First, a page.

"Their world is their oysters"

Friday, March 28, 2014, 12:05

Their world is their oysters

By SL Luo / Focus HK

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Oysters being dried in the sun at Lau Fau Shan as local demand for dried seafood grows.

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What a haul! Farmer YC Chan shows off his harvest on one of his oyster rafts in Shenzhen Bay.

Hong Kong’s oyster farmers in Shenzhen Bay have earned their livelihood from selling their oysters to restaurants in Shenzhen’s Nanshan district for decades. Not anymore. Shenzhen authorities claim that Shenzhen Bay has become so heavily polluted, seafood there is not fit for human consumption.

The oyster farmers sharply disagree and point to findings by Hong Kong’s Agriculture, Fisheries and Conservation Department (AFCD) to prove their point.

A heated debate looms. Just how polluted are the waters of Shenzhen Bay?

Today, there’s a clear line of demarcation across the bay. The mainland side has been swept clear of the hundreds of oyster rafts that had been there for decades.

Shenzhen’s crackdown on the mainland side of the bay started late last year. Hundreds of the oyster beds were removed. Scores of farmers were detained for criminal violations.

Mainland aqua culturists depended on those waters and now watch with considerable envy as almost a thousand oyster farmers over on the Hong Kong side continue to do business.

By an odd coincidence, contaminated mollusks are not the only pollution debate that has the two sides fuming at each other. The controversy over Hong Kong’s two landfills at Tuen Mun and Ta Kwu Ling is still raging. People living on the mainland side have been roused to fury over pollution and evil odors they say are coming from the sites. The Shenzhen government has taken the side of its local residents. Many claim there is some linkage between the two disputes.

I waded into the clambake, daring to test Shenzhen’s claims that the waters in Shenzhen Bay pose extreme risk to human health, so as to render seafood harvested there unfit for human consumption.

So, I tucked into a dozen oysters and a plateful of giant clams at a restaurant in Lau Fau Shan — one of Hong Kong’s two famous seafood enclaves at Yuen Long overlooking Shenzhen Bay. After laying out HK$250 for the hearty repast, I walked out of the restaurant without the least hint that I might soon be in urgent need of medical attention.

“I’ve been in this oyster business at Lau Fau Shan for more than 10 years, and I don’t think there’s water pollution here as bad as the Shenzhen authorities are saying. If the water was contaminated, the oysters would have died,” argues oyster farmer Y C Chan.

Chan, who operates a dozen of the rafts on the Hong Kong side of Shenzhen Bay, says about a third of the 200-odd local oyster farmers have been hit by Shenzhen’s crackdown.

“The oyster rafts on the other side of the bay have all gone. They can ban our products for sure, but they can’t touch us,” Chan told China Daily.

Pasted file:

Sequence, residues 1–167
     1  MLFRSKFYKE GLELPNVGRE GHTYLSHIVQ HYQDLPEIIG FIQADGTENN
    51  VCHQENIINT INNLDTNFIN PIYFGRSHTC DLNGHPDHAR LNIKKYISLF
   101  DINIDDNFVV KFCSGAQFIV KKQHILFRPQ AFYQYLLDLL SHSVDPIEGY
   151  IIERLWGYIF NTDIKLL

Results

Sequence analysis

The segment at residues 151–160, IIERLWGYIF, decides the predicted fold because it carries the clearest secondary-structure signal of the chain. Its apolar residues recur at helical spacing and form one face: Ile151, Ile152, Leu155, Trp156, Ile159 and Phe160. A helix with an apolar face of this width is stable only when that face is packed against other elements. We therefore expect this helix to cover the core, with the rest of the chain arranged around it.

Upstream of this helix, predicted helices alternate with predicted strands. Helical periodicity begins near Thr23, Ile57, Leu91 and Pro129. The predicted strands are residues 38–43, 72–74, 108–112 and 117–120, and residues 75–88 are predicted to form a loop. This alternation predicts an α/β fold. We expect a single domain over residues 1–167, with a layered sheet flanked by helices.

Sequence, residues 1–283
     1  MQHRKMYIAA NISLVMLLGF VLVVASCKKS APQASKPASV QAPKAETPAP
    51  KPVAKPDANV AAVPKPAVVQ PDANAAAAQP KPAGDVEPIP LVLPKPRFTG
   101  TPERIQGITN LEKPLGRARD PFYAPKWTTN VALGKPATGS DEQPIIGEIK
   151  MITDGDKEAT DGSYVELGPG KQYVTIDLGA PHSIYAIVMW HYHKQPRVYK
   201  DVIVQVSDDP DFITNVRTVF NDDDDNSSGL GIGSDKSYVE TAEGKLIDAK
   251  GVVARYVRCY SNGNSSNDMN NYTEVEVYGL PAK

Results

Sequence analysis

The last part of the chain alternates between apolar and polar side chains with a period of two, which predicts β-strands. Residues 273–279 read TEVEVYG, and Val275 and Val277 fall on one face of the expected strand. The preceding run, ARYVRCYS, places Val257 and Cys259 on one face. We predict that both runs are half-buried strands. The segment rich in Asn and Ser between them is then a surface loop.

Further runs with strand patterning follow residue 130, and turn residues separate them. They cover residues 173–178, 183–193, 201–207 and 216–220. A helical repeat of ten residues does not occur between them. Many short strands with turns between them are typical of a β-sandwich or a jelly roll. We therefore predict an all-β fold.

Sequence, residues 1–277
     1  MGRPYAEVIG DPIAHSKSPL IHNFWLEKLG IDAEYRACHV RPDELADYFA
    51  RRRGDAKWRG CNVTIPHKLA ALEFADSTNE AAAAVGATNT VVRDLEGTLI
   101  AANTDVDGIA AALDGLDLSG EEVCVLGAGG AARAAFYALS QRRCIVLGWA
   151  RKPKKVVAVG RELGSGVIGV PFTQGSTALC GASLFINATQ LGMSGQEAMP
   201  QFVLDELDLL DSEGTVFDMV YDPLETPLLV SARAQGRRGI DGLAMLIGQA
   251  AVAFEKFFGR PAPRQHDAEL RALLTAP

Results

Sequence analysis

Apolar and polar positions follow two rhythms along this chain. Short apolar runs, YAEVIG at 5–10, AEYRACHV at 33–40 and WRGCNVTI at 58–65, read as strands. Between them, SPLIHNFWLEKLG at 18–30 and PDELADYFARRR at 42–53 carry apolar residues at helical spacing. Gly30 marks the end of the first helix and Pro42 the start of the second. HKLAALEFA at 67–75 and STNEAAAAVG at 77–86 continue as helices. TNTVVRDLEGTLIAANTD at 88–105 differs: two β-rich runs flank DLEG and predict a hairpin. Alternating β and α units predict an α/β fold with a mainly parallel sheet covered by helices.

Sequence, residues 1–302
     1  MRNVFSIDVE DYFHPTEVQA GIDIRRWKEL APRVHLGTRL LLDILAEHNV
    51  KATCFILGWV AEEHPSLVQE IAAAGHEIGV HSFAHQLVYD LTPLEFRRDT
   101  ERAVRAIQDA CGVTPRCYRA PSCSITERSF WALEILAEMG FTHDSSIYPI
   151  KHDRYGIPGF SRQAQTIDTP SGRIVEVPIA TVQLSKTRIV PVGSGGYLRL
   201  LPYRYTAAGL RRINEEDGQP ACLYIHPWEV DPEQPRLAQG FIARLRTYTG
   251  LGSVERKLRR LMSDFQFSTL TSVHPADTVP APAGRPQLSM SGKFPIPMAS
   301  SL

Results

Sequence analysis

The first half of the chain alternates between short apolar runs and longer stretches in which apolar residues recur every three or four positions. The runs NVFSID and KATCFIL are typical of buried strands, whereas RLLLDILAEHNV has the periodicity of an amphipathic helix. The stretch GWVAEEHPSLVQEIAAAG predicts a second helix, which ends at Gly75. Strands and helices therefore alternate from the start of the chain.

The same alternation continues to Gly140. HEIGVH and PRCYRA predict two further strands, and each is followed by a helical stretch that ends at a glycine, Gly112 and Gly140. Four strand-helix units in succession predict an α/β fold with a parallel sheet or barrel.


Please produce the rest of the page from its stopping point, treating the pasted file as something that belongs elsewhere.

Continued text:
He says AFCD officers visit Lau Fau Shan monthly to check on water quality in the bay and, so far, the tests have been all good with no signs of metallic or other forms of contamination from carbon dioxide emissions.

“This is a huge industry. Farmers who had been selling their oysters to seafood restaurants in Shenzhen have been hard hit. They’ve diversified to some extent now and are selling their products farther away, in Yangjiang and Maoming in Guangdong province,” says Chan.

Luster gone

Has Lau Fau Shan lost its luster as a traditional seafood paradise, especially for oyster cultivation?

“Yes, it has,” Chan replies. “There have been too many restrictions on the industry and competition is getting intense with even more expensive oysters now coming from Taishan in Guangdong. Tourists will pay any price as long as they think they’re safe and fresh,” Chan says.

Chan harvests about 500 catties of oysters a day from from Shenzhen Bay. These days he sells most of them as dried products for local consumption.

The tough regulations add to the annual woes that accompany typhoon season every year. Typhoons can wreak sheer devastation on the rafts, he observes.

“These few years we’ve been lucky. Eight to 10 years ago, we had enormous losses from typhoons.”

Chan wants the Hong Kong government to get involved to try to resolve the current impasse. “We need to be consulted in every way because the future is at stake for many of the farmers affected by the restrictions,” he adds.

Shenzhen’s Economy, Trade and Information Commission has led the charge against Shenzhen Bay oyster farming. The commission did some tastes, leading to the conclusion that Shenzhen Bay is seriously polluted.

And there are no plans to lift the ban on oyster farms on the mainland side — as a precaution to safeguard the health of the local community.

A monitoring system will be set up this year to make regular checks on the water quality.

Relevant departments in Hong Kong will be sitting down soon to discuss how to regulate oyster breeding on the SAR side of the bay.

“Yes, the campaign is on, but we can’t divulge details at this stage,” a source with the commission told China Daily.

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